The present one or more plasticizers may be introduced to soft tissue products at several points in the processing procedures, but are preferably introduced prior to the freeze-drying or dehydrating step. By introducing plasticizers prior to freeze-drying or dehydrating, the derived soft tissue graft is in a freeze-dried/dehydrated state where the plasticizer is used to stabilize the matrix and load bearing components of the soft tissue graft such that the graft can be used without rehydration/reconstitution.

V. Transplantation into a Patient

Prior to transplantation into a patient, excess glycerol may optionally be removed from the plasticized bone or soft tissue graft using for example, the method described in co-pending U.S. patent application Ser. No. 08/871,601. Specifically, the plasticized grafts are placed into centrifuge vessels/containers and on top of inserts designed to keep the bone grafts off of the bottom of the containers. The grafts are then centrifuged at 1,000 to 2,000 revolutions per minute (rpm) for 10-20 minutes. The excess glycerol or similar plasticizer exits the grafts and collects in the bottom of the centrifuge containers away from the grafts. The plasticizer tightly associated with the molecular and chemical structure of the tissue will not exit the graft and the tissue will remain plasticized without retaining physically discernable quantities of plasticizer. The plasticized graft(s) may then be packaged directly or packaged in a packaging format which permits application of a vacuum to the container. The current value of using a packaging format which permits storage of grafts under vacuum lies in the ability to predict possible loss of sterility with loss of vacuum to the packaging.

Clinical usage of plasticized bone or soft tissue grafts includes direct implantation of the grafts without further processing following removal from the packaging, implantation following a brief washing in sterile isotonic saline to remove any remaining traces of plasticizer associated with the immediate surfaces of the grafts, or by implantation following an extended (approximately 1 hour) washing with sterile isotonic saline to remove as much plasticizer as possible. Under any of the above described further processing of grafts, the materials properties of the plasticized grafts resemble those materials properties of fully or partially hydrated natural tissue (i.e. normal bone or soft tissue). The produced plasticized graft does not need to be rehydrated prior to clinical implantation, yet retains the strength and compressive/tensile properties of natural tissue. Plasticized freeze-dried soft tissue grafts where the plasticizer is used to stabilize the matrix and load bearing components of the soft tissue graft, can also be directly implanted in a patient without rehydration/reconstitution.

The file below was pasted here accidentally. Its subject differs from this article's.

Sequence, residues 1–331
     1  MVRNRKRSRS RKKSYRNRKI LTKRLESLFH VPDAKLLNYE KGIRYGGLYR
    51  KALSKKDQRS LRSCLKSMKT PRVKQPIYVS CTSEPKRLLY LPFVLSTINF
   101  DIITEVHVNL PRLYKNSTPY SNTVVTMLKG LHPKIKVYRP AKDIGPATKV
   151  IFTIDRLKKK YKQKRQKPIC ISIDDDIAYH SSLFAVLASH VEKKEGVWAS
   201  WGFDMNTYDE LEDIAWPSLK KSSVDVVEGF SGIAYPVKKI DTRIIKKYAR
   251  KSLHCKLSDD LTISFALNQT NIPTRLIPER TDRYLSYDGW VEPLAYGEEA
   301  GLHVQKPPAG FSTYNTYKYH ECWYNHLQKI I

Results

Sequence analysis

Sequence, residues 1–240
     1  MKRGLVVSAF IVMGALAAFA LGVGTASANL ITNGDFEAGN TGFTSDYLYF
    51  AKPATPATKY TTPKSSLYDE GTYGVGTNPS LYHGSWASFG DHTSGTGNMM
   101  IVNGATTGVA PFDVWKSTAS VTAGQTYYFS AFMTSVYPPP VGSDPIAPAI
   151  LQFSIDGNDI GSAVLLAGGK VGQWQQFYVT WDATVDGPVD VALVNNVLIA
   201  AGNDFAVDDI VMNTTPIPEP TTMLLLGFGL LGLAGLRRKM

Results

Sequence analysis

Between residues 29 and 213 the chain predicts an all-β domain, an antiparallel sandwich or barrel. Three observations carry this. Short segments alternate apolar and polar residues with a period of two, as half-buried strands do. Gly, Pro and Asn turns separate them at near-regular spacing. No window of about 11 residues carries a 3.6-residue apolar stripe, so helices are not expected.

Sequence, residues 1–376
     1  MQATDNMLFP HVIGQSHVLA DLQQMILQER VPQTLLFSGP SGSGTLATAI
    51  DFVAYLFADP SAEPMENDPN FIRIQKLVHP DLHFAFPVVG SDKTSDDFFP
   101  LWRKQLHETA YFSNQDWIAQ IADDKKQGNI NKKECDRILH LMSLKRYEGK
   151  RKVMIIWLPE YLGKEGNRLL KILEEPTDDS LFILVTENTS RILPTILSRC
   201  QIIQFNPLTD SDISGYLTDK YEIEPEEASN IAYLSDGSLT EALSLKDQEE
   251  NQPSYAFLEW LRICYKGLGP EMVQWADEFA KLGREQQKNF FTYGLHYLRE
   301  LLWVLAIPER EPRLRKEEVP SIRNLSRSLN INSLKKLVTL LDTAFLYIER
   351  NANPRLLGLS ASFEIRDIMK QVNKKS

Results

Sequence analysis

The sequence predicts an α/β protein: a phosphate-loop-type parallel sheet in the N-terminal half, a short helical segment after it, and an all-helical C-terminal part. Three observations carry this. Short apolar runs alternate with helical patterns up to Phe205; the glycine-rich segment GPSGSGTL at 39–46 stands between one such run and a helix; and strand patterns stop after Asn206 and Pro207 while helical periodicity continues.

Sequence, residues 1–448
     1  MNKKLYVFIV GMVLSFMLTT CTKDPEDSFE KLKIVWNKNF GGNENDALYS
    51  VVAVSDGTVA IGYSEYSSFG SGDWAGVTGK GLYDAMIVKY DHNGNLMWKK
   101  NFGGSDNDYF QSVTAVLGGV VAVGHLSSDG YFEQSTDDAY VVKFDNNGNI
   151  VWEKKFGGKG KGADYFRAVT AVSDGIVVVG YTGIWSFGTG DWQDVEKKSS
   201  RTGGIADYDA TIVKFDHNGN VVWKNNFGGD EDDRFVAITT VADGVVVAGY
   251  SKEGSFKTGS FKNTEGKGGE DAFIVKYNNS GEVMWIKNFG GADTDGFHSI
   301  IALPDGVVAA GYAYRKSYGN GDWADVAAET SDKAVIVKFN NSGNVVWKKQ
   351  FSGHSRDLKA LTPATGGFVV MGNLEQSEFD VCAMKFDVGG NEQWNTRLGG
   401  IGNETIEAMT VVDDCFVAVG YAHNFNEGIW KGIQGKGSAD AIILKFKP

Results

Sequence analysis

Suitable surgical methods for implanting bone and soft tissue grafts into a patient are well known to those of ordinary skill in the art to which the present invention pertains, and such methods are equally applicable to implantation of the present plasticized grafts. Those of ordinary skill in the art to which the present invention pertains can readily determine, select and employ suitable surgical methods without undue experimentation.

Further details of the process of the invention are presented in the examples that follow:

Example 1 Processing of a Frozen Distal Femur

A. Cleaning and Processing: A frozen distal femur is selected and all of the soft tissue and periosteum is removed using sharp dissection techniques and periosteal elevators. The graft is then transected to the desired length using a Stryker™ saw or band saw. Each bisected piece is not more than 30 cm in length and is straight and contains no bone fragments. The surface cartilage is then removed from the femoral condyle with either a scalpel blade, periosteal elevator, or osteotome. The processing instructions dictate leaving the cartilage “on” when appropriate. Using a ⅜″ drill bit, the cut end of the shaft is drilled approximately 5 cm. The interior of the intramedullary canal is then thoroughly washed with the lavage system.

An intercalary fitting is then inserted by screwing the threaded, tapered end into the cut end of the graft. The vacuum tubing is assembled by securing one end of the tubing to the nipple end of the intercalary fitting. The other end of the tubing is secured to the piston driven pump. Finally, another section of vacuum tubing is secured to the other side of the piston pump. Approximately 4000 cc of a 1:100 dilution of the “Allowash™ Solution” is poured into the sterile flushing vessel. The “Allowash™ Solution” is prepared by adding 4 cc of cleaning reagent to 3996 cc of sterile water. The flushing vessel is labeled as “Allowash™ Solution.” The open end of the second piece of vacuum tubing is placed into a graduated flask. The piston pump is set to “reverse” and the flow rate controller is set to 50%. The pump is turned on and at least 500 cc of the first solvent (Allowash™ Solution) is drawn to waste. Thereafter, the open end of the second piece of vacuum tubing is removed from the graduated flask and placed into the sterile flushing vessel. The drive is maintained in the “reverse” position at 50%. The Allowash Solution recirculates for a minimum of 15 minutes.

The 1:100 dilution of the Allowash™ Solution is then decanted and approximately 4 liters of 3% hydrogen peroxide is added to the flushing vessel. The piston pump is set to reverse and the flow rate controller is set to 50%. The pump is then turned on and at least 500 cc of the 3% hydrogen peroxide solution is drawn to waste. Thereafter, the open end of the second piece of vacuum tubing is removed from the graduated flask and placed it into the sterile flushing vessel. The drive is maintained in the reverse position at 50%. The hydrogen peroxide is then allowed to recirculate for a minimum of 15 minutes.